A friend of mine in the Twin Cities, a former Catholic priest named Joe, asked me if I had ever written a blog or a section of one of my books on the relationship between wisdom and happiness. I hadn’t but promised that soon, as the Brits say, I would give it a go. Well, “soon” has come, so here I go...
When I think about these two terms in relationship, I am reminded of Plato’s three-fold unity of the Good, the True, and the Beautiful. Per Socrates’ student and one of the two seminal philosophers of classical Greece along with Aristotle, he hypothesized that if something were good, it would also of necessity be true and beautiful. and if beautiful or true, it would also have to be good. A Midday Prayer service in the New Zealand Book of Common Prayer (Anglican), drawing from that other major source of Western Civilization, the Judeo-Christian tradition, cites a Platonic-sounding passage from the Pauline Epistle to the Philippians (4:8): “Finally, whatever is true, whatever is honorable, whatever is just, whatever is pure, whatever is lovely, whatever is gracious, if there is any excellence, if there is anything worthy of praise, think about these things.”
What then is the connection between wisdom and happiness? The wise guy in me would answer, “If you are truly wise, you’ll know how to become, be, and/or stay happy.” But let’s go back to the basic meaning of wisdom: having enough knowledge or understanding to make good decisions, those which over time prove beneficial to self, others, and the wider world. Making such decisions leads, among other things, to choosing work which accords with one’s values and skills, finding and growing together with someone who turns out to be a suitable life partner, and raising children who as adults with their own children still love, respect, and happily spend time with you. In other words, good decisions lead to good outcomes which in turn lead to a life of contentment. And a life of contentment is surely another way of saying a life of happiness.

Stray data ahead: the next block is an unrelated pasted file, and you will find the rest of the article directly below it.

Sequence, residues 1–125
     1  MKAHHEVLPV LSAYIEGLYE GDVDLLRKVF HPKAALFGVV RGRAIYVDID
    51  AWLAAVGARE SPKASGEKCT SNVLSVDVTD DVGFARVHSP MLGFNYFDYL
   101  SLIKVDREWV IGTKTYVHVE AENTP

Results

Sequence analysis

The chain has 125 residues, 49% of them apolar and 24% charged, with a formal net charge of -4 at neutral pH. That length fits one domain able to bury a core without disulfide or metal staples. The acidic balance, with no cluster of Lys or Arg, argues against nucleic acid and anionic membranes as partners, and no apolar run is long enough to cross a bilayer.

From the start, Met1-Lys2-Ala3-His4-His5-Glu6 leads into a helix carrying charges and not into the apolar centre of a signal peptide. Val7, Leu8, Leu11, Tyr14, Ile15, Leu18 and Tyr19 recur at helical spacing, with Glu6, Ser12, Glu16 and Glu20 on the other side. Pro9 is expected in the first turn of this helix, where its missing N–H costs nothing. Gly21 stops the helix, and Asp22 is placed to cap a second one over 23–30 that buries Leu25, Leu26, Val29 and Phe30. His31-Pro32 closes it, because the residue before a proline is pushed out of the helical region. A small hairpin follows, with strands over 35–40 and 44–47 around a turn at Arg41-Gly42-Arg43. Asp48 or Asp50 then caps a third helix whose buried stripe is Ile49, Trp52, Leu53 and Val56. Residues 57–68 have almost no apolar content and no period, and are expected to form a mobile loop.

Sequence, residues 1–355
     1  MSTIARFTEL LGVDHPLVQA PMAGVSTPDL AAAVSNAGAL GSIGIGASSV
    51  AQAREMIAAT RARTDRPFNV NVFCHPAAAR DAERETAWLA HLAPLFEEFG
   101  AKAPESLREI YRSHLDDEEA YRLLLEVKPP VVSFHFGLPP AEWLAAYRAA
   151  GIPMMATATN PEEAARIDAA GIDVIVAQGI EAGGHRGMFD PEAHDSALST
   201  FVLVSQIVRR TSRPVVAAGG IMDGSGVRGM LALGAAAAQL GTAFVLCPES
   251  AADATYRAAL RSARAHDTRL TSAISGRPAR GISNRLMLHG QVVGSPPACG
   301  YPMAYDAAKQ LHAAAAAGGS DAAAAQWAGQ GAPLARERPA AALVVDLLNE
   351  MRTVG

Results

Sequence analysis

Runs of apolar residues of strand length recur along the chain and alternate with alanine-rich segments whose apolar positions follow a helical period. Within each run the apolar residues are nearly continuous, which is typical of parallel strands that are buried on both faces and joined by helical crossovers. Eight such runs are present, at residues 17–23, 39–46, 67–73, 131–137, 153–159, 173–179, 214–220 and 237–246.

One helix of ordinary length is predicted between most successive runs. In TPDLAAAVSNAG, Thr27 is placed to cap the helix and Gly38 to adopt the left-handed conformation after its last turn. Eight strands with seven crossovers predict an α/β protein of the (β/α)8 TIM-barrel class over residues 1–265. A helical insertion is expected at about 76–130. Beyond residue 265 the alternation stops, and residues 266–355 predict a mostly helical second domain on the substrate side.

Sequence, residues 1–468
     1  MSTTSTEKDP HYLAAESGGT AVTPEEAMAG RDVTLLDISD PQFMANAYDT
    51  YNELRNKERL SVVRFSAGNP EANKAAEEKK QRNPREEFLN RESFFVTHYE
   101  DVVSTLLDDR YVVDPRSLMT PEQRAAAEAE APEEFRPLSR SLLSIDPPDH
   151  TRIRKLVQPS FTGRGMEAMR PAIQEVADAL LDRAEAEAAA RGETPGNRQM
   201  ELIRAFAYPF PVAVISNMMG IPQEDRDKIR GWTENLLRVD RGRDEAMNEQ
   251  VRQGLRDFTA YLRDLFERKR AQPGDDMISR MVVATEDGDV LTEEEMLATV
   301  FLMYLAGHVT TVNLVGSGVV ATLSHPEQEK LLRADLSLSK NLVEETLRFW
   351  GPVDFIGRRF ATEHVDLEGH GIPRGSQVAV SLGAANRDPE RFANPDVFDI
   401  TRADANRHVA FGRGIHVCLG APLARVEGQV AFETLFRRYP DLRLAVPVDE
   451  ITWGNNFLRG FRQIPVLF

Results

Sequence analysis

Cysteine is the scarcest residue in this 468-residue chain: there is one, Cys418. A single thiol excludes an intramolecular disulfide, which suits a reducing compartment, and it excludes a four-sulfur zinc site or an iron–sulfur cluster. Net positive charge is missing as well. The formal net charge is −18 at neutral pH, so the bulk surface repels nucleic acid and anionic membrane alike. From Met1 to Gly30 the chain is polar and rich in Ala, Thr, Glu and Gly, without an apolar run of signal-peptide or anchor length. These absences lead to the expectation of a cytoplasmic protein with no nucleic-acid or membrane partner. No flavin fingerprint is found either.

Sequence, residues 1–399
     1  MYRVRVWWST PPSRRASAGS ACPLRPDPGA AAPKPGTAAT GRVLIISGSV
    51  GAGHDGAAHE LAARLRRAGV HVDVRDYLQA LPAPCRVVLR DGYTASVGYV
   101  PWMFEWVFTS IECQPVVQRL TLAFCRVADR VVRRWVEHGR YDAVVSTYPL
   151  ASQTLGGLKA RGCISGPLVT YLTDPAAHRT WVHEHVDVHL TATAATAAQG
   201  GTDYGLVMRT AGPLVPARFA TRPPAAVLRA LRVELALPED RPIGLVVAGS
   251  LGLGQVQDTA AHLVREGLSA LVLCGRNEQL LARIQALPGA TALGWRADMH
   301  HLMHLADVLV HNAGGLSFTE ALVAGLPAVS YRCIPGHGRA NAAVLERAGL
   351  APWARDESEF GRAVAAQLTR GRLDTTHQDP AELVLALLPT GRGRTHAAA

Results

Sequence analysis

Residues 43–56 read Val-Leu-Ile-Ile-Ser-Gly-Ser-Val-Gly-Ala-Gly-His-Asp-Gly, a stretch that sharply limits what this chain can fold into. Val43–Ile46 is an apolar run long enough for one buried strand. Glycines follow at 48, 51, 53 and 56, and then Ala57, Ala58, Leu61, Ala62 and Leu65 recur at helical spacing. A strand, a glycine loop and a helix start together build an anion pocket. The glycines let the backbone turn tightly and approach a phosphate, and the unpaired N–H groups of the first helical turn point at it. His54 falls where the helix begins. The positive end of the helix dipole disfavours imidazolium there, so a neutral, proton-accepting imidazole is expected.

There is of course a spiritual dimension to all of this. I think of a song from Rogers and Hammerstein’s musical South Pacific. “Happy Talk.” In it, Bloody Mary, a wise “aunty,” as the Hawaiians say, from the islands to the south, counsels, “First ya gotta talk happy, then ya gotta have dream, or how ya gonna have a dream come true?” In short, to borrow the title of the Rev. Rick Warren’s bestselling book, The Purpose-Driven Life, you need a life mission or goal—a dream that is a marriage between your talents and an unmet need in your community or the wider world. Okay, Joe! That’s the best I can do today on the relationship of wisdom and happiness. To borrow again from dear, wise Bloody Mary, “You like? . . . You buy?”